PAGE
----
Friday, February 16, 2018

Dr. Michael Livingston: Tribute to Professor James W. Vardaman

I found a wonderful tribute to Professor Vardaman by a man whose life Vardaman changed, and I'm posting some of the tribute below (though the entire tribute can be found at the link):
A Great Teacher is an Earthquake – For Dr Vardaman

Michael Livingston, 2 February 2018

A great teacher is an earthquake . . . . I learned today that Dr James W. Vardaman has passed away.

He was a great teacher.

He was one of my earthquakes.

I . . .  had a number of scholarship offers for college . . . , including one from Baylor University . . . . [W]hen my father and I traveled to Texas for some campus visitations, Baylor happened to be a point between other destinations . . . . [W]e stopped into the visitor center.

It was a Friday, early afternoon. Campus was relatively quiet. The folks who greeted us learned that I wanted to study history, to become a teacher. Phone calls were made, and they suggested I go meet with a history professor who happened to be in his office.

A fault line, though I didn't know it, was forming.

Not long afterward, I found myself alone in the basement of the Tidwell Bible Building, home of the Department of History . . . . Professor Vardaman was grading.

I knocked. He looked up . . . The next hour comes in flashes. We talked of many things. Throughout, he treated me as a peer, as a man. He was, he later admitted, appraising me. In those minutes he found my strengths, my weaknesses, and most importantly, my potential. He knew what I needed, because this is exactly what a great teacher does.

He introduced me around. The world was a blur. He told me I belonged at Baylor. He told me he wanted me to be in his classes. He shook my hand.

I remember walking out to meet my dad, who was sitting on a bench beneath a wide and glorious tree. It was our first campus visit, but I confess to you now that I already knew exactly where I was going to go . . . .  Dr Vardaman, in a few minutes that afternoon, changed my life.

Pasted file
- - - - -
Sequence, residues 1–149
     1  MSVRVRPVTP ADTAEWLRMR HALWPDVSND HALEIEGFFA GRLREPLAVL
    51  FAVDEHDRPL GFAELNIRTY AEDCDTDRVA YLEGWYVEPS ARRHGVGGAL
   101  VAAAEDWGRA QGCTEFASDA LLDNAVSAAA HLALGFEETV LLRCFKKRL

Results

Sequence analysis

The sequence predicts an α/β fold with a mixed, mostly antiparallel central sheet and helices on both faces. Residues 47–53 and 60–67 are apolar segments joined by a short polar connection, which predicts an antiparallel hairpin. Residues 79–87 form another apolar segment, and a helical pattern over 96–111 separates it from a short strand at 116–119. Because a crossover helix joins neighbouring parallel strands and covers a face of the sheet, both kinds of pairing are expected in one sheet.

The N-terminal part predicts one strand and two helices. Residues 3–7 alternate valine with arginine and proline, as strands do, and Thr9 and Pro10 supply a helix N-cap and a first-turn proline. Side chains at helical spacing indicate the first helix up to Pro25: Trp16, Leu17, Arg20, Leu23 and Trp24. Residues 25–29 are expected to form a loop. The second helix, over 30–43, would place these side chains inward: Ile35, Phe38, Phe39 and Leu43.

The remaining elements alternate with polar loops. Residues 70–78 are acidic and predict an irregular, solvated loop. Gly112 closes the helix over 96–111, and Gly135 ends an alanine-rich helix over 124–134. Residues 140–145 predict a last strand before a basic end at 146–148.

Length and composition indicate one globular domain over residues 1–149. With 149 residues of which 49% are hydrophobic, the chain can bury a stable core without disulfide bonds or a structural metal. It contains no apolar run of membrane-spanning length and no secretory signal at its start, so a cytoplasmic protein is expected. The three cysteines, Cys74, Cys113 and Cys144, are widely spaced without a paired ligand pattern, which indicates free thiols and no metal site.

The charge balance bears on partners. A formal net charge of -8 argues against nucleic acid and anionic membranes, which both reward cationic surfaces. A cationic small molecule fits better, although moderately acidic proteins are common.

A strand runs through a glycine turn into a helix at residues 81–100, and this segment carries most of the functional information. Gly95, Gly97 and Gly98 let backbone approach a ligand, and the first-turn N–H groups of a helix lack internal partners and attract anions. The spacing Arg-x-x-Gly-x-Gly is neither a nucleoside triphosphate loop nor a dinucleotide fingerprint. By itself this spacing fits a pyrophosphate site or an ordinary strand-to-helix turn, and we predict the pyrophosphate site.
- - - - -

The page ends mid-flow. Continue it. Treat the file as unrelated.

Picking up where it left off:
And then he did it again.

A few weeks into my sophomore year, I walked out of Dr Rust's survey course on the modern world and found a familiar face in the hall, waiting for me. I had not yet been able to have Professor Vardaman in class, but he'd apparently been keeping tabs on me. "I want you to come to Europe," he said.

I was, you must understand, a young man from a modest background who could count on one hand the number of times he had crossed the Mississippi. "Europe?"

His great bushy eyebrows nodded. "I run a study abroad program every spring in The Netherlands. I want you to come". . . .

Dollar signs were flashing in my head. Lots of them. If it wasn't for the scholarships I couldn't afford to be at Baylor at all. To add expenses to Europe on top of that? Well . . .

"I don't think I can afford it," I said.

The eyes beneath those eyebrows twinkled. "But if you could afford it then you would go?"

"Sure," I said, thinking he was risking nothing . . . .

A week later he was waiting there again. Same time. Same spot.

"Can we talk?" he asked.

"Sure," I said.

His gaze appraised, seemed satisfied. "You're going to come to Europe with me."

"Dr Vardaman," I said, trying to be gentle on the good soul, "I told you, I just don't think we can afford it. I've got scholarships, but --"

He waved me off. "Oh, I took care of that. I told some people you needed to go and now you have an extra scholarship to help cover it."

"You . . . what?"

"Let's go to my office," he said. "We'll need to talk about the details."

Not waiting for my reply, not waiting for me to retrieve my jaw from the floor, he turned on his heels and headed for the stairway to the basement. I followed him . . . to his office and then across the Atlantic to a semester spent in Maastricht that fundamentally altered my perception of the world and my place within it.

[And now,] James Vardaman has died. For all of us, the earth quakes again.
A good tribute. I need add no more . . . but Livingston does, so go to the link.

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